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How Leaders Are Leading Change

Leadership and Coping with COVID-19

April 23, 2020

One of the biggest concerns from this pandemic and the related quarantine requirements is loneliness. Before COVID-19, loneliness was a societal issue. It will only get worse. Vivek Murthy, the 19th U. S. Surgeon General, has been beating the drum of the significance of loneliness for years. Murthy’s new book Together: The Healing Power of Human Connection in a Sometimes Lonely World, stresses how social isolation or loneliness is a more serious health problem than opiates. “Loneliness and weak social connections are associated with a reduction in lifespan similar to that caused by smoking 15 cigarettes a day and even greater than that associated with obesity … People who struggle with loneliness have a greater risk of cardiovascular disease, dementia, depression and anxiety.”

Murthy is also concerned that with social distancing, we will increase the loneliness we’re experiencing and incur a “social recession” as a result of being separated from each other for so long. If this is true, leaders need to help employees navigate their emotions to function and be healthy during this time.

Supporting Employees During Times of Uncertainty

Arianna Huffington is the founder of Thrive Global, a company that provides behavior change technology to support individuals struggling with stress and burnout. Her team has been in conversations with company leaders from a variety of industries. What they’ve heard magnified the results of their survey of 5,000 Americans: “people are craving strong leadership and clear communication. Nearly 90% of employees feel that employers need to be doing more than just implementing travel bans and/or work-from-home policies to properly address coronavirus-related challenges.” We are getting used to virtual meetings and virtual learning. But as one leadership coach says, “Remember that IRL (in real time) is as important as URL.”

One company leading the charge is Salesforce. They created a weekly newsletter with leadership, tips and resources to help employees manage through the crisis.

Last month, CEO Marc Benioff started a daily mental health call for his 50,000 employees to address the stress they may be experiencing. During this pandemic, Salesforce has focused its efforts in five main areas:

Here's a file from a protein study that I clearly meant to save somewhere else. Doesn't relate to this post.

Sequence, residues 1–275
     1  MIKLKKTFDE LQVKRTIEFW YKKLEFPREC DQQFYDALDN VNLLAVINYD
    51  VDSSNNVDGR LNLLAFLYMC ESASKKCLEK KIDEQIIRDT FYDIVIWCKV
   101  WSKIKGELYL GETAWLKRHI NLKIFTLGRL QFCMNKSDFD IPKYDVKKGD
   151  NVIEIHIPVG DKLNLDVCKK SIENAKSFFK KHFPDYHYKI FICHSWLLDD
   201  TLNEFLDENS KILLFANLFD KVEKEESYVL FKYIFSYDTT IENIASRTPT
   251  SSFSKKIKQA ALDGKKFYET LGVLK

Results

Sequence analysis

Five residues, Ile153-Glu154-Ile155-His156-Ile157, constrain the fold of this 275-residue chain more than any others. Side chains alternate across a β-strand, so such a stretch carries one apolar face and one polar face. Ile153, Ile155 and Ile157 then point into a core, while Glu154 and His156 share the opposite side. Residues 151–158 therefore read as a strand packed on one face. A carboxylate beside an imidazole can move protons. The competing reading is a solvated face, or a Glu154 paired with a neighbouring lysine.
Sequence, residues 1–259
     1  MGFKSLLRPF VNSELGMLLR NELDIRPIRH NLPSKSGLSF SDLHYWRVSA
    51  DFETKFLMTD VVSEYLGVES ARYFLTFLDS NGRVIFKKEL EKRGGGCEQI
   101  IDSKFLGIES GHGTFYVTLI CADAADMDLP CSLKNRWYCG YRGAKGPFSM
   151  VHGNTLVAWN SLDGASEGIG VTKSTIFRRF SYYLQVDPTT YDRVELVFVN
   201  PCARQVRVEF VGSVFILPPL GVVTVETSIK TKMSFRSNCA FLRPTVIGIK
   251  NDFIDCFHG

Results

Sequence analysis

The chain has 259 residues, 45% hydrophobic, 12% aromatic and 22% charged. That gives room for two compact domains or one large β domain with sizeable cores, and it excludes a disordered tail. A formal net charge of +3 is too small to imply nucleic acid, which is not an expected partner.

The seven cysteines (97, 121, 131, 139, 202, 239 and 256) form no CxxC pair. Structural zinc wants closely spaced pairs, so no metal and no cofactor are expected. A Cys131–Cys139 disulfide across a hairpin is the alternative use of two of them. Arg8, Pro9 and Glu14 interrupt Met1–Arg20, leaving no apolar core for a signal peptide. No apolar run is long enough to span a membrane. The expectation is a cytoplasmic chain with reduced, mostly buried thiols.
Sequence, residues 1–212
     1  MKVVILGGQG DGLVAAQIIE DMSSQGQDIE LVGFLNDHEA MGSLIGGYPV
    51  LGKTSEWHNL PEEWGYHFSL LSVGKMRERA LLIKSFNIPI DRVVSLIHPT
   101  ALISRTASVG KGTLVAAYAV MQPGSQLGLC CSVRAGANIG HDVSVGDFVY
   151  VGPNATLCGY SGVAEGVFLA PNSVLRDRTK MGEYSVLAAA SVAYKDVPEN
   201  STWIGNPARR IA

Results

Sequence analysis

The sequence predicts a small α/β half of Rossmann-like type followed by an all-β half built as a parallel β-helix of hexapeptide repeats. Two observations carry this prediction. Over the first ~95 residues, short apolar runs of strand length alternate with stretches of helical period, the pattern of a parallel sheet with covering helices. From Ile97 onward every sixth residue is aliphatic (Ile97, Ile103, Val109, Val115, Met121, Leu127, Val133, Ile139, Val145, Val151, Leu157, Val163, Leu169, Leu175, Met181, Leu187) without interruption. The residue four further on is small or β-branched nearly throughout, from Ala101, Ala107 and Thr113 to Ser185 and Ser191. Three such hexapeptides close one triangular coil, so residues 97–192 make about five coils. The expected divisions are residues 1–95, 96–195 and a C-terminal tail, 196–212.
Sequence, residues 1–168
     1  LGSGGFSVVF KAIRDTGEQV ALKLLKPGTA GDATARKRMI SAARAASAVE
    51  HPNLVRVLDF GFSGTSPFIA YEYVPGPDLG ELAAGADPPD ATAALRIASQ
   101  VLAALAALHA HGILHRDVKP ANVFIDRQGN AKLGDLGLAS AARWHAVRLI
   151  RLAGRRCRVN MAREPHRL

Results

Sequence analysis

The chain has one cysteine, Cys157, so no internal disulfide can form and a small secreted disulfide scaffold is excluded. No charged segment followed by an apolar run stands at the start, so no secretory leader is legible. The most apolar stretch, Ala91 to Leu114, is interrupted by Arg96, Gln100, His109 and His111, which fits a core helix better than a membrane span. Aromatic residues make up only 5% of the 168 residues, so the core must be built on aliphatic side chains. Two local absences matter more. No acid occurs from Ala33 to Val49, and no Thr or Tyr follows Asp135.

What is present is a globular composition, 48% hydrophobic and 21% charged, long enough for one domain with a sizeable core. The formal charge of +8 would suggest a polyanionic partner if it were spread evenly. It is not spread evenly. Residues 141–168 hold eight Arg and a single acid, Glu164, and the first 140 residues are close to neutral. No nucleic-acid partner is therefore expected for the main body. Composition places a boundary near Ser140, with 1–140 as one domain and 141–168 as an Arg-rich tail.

• Open communication channels
  • Digitize processes to make “work from anywhere” easier
  • Use tools that make collaboration seamless
  • Make it easy to find information fast
  • Take care of employees whose jobs can’t be remote

Cisco is another company to benchmark because of the huge demands being place in their industry. Cisco makes networking equipment and the demand for its Webex video conferencing system has gone through the roof. CEO Chuck Robbins said, “None of this technology was designed to support the entire world working from home … The Webex teams haven’t slept in days.” Robbins also has organized conference calls between mental health professionals and Cisco employees to provide answers to their questions because of the new work restrictions.

In a recent New York Times article about how CEOs are handling the current situation, some of the themes that emerged emphasized practices I believe should be normal for creating a culture where people want to work. Leaders need to:

  • Lead by example. You are always being watched.
  • Demonstrate compassion and empathy. People want to know you care and understand their situation.
  • Be visible and accessible. The tendency is to hide.
  • Communicate in a variety of ways. When you think you have shared the message enough, say it again in a different way.
  • Listen. We often want to fix things. This is also the time to listen.
  • Connect. Reach out as often as possible.
  • Model resilience. Self-care and staying grounded helps keep the ego in check.
  • Live your legacy. Daily actions and decisions will be what people remember about you.

Most importantly, leaders need to realize we are grieving for what used to be normal. Learning how to cope with death and dying is an important leadership skill not taught in business schools or workshops. People are dying. Industries and companies, too. People are losing jobs and unemployment is peaking. With loss comes a lot of grief which affects productivity, satisfaction and happiness. As Steve Jobs said in his commencement speech at Stanford University Stay Hungry. Stay Foolish. “Death is very likely the single best invention of Life. It is Life’s change agent.”

Find more information on legacy at leadingwithwisdom.net.

You can count on The Partnership to continue to share accurate and fact-based updates as well. See more on COVID-19 here.

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